Tim Sherwood is a backstabbing monster and he saved Spurs

Discussion in 'Spurscommunity Front Page News' started by mawspurs, Jan 2, 2015.

Comments

Discussion in 'Spurscommunity Front Page News' started by mawspurs, Jan 2, 2015.

  1. CrazyHeart
    Not sure how even you can disagree with my best case / worst case scenarios, but sure... it's in the past, time to look ahead.
  2. Sweetsman
    It was a mutual parting of ways: THFC did not deny this. As regards VDV, I asked Burt the same question and he categorically stated that AVB did not want him to go.
    As for your statement about us not having brilliant players around Bale, I'd suggest you read my post again as that was what I was saying. Regarding AVB's remit to replace Modrić, he identified Moutinho. Yes, he was expensive, but these players usually are. Levy was in touch with AVB way before Redknapp was sacked, because the board had to make contingency plans for him getting the England job. Remember we were in for Oscar? Well, guess who was spending time in Brazil at that time? AVB. I'd suggest you read his recent interview with the Portuguese press. I will give you one thing though, which comes from this interview: some of AVB's choices, Hulk in particular, were completely unrealistic from a financial point of view.
  3. davidmatzdorf
    I'm not sure whether 'proved' is a helpful word there. Once relations had broken down between AVB & Levy past a certain point and they decided to part company in mid-season - whoever made the final move, it was plain that AVB was pretty fed up by then - Levy had to find someone to finish the season.

    He could try to attract another club's established manager in mid-season, which would have involved a long contract and thus would have capsized any attempt to set up a planned succession (see also: Ramos, Redknapp, 2008). Or he could roll the dice on the rest of last season with Sherwood, whilst setting up a contingency plan for a proper succession if Sherwood didn't over-perform.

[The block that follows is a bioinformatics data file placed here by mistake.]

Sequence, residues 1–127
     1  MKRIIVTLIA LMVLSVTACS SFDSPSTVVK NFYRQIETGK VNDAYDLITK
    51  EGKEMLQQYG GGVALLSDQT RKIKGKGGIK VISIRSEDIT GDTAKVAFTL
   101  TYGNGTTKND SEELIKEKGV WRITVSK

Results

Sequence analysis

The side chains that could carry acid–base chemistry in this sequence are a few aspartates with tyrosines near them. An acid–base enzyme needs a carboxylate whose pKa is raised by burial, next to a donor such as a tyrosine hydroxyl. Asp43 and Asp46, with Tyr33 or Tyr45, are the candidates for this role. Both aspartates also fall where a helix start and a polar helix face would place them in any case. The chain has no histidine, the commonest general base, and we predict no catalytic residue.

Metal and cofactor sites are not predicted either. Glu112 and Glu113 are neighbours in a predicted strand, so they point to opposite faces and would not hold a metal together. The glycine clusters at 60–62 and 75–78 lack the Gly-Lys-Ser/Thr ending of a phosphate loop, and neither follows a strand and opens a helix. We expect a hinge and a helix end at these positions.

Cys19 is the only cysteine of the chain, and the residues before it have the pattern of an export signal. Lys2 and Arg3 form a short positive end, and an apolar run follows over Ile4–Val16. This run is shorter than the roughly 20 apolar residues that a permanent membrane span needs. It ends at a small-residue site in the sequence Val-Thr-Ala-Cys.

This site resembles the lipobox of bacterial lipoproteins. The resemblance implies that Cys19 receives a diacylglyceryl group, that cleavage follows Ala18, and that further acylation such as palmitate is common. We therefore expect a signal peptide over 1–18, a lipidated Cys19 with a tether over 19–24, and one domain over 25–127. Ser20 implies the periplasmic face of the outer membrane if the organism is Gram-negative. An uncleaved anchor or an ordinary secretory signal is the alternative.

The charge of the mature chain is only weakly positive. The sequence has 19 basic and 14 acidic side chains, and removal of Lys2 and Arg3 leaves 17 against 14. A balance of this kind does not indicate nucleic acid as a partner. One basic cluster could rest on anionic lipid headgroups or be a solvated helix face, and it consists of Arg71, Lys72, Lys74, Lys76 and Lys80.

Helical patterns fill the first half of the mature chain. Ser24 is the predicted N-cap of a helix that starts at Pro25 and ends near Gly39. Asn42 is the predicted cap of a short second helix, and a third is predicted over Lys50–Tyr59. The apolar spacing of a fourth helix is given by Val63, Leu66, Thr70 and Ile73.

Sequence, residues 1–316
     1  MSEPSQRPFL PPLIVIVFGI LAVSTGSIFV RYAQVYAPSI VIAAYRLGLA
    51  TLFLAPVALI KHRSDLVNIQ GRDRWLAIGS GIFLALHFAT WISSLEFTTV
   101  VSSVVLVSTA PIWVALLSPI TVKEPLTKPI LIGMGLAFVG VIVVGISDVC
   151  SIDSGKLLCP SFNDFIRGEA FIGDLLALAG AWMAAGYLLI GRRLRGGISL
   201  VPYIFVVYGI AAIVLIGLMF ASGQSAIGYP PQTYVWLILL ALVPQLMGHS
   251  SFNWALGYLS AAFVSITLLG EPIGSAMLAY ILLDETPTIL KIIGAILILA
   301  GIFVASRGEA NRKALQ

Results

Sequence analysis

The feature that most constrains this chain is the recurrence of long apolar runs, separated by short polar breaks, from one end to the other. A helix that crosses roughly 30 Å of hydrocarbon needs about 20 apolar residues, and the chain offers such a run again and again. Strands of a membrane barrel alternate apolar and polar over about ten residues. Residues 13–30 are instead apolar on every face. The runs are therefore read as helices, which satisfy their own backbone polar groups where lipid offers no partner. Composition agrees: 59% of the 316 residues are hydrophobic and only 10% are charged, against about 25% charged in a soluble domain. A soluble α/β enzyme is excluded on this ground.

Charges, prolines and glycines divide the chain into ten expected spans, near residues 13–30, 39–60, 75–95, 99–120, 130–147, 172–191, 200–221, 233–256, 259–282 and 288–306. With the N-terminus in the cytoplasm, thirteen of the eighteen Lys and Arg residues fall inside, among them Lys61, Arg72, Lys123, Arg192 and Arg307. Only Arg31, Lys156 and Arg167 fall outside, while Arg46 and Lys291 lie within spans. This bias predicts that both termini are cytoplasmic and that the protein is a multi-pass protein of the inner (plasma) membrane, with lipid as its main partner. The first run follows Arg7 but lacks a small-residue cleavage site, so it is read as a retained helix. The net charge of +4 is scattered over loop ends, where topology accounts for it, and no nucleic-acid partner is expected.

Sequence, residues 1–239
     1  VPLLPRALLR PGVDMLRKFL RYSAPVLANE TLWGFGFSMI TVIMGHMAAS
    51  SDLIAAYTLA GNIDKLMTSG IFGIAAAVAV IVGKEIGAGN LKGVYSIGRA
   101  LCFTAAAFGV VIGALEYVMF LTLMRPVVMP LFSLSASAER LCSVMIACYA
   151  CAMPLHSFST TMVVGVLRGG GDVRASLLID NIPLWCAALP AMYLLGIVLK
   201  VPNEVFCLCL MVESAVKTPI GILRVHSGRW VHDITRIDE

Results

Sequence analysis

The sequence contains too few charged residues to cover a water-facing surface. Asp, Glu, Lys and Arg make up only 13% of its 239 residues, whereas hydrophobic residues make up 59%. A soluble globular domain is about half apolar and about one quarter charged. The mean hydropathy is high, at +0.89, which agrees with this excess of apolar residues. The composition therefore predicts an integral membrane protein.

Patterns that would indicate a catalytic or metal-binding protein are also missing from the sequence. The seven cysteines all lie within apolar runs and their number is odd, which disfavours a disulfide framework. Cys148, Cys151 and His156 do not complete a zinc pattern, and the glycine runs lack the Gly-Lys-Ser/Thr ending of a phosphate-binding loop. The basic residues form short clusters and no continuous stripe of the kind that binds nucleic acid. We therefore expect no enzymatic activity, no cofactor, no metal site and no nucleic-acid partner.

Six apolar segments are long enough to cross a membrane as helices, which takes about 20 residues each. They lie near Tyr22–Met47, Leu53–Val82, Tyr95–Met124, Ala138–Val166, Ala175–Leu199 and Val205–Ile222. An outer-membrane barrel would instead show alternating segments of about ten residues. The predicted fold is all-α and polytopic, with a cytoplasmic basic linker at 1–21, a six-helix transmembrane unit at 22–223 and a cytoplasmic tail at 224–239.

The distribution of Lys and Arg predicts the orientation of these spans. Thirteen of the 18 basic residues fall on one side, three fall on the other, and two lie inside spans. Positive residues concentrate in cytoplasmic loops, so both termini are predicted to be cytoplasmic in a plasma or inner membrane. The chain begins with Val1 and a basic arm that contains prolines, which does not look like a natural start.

In the end, Sherwood got some pretty decent results and we managed to qualify for Europe despite the upheaval, so last season wasn't a total write-off. In the circumstances, a short term failed experiment seems to have been a better idea than leaping straight into a long-term arrangement with whatever manager happened to be available in mid-season.
    • Agree Agree x 2
  4. mpickard2087
    Late to the party, but what an absolute load of bollocks that article is. Lazy attack after lazy attack and then the final paragraph aims to find some balance. Astonishing that this guy gets a gig for writing his opinions.
    • Agree Agree x 2
  5. Sweetsman
    I'd just like to state the following for the record:
    1) Redknapp is a very astute manager, who I defended at the time and hoped would take us the PL glory. However, he made some very bad moves politically within the club, and he also messed up two consecutive second halves to seasons.
    2) Sherwood does talk sense, but also laces everything with self-promotion. He failed due to his own hubris.
    3) My support for AVB and dislike for Sherwood has the same root: their respective treatment by the English tabloid press and various xenophobic TV pundits. It's probably why the BBC is a bit wary of putting me on 606 after the comments I made about Martin Samuel.
    4) I think AVB had flaws that are down to immaturity, but he is a very good coach. He should have gone when he did, in retrospect, because he had lost heart, and this was transmitted throughout the squad.
    5) MP is the real deal.
    • Like Like x 1
  6. eddiebailey
    And a further endorsement of Tim's approachable hands on approach from another former development squad player, Massimo Luongo: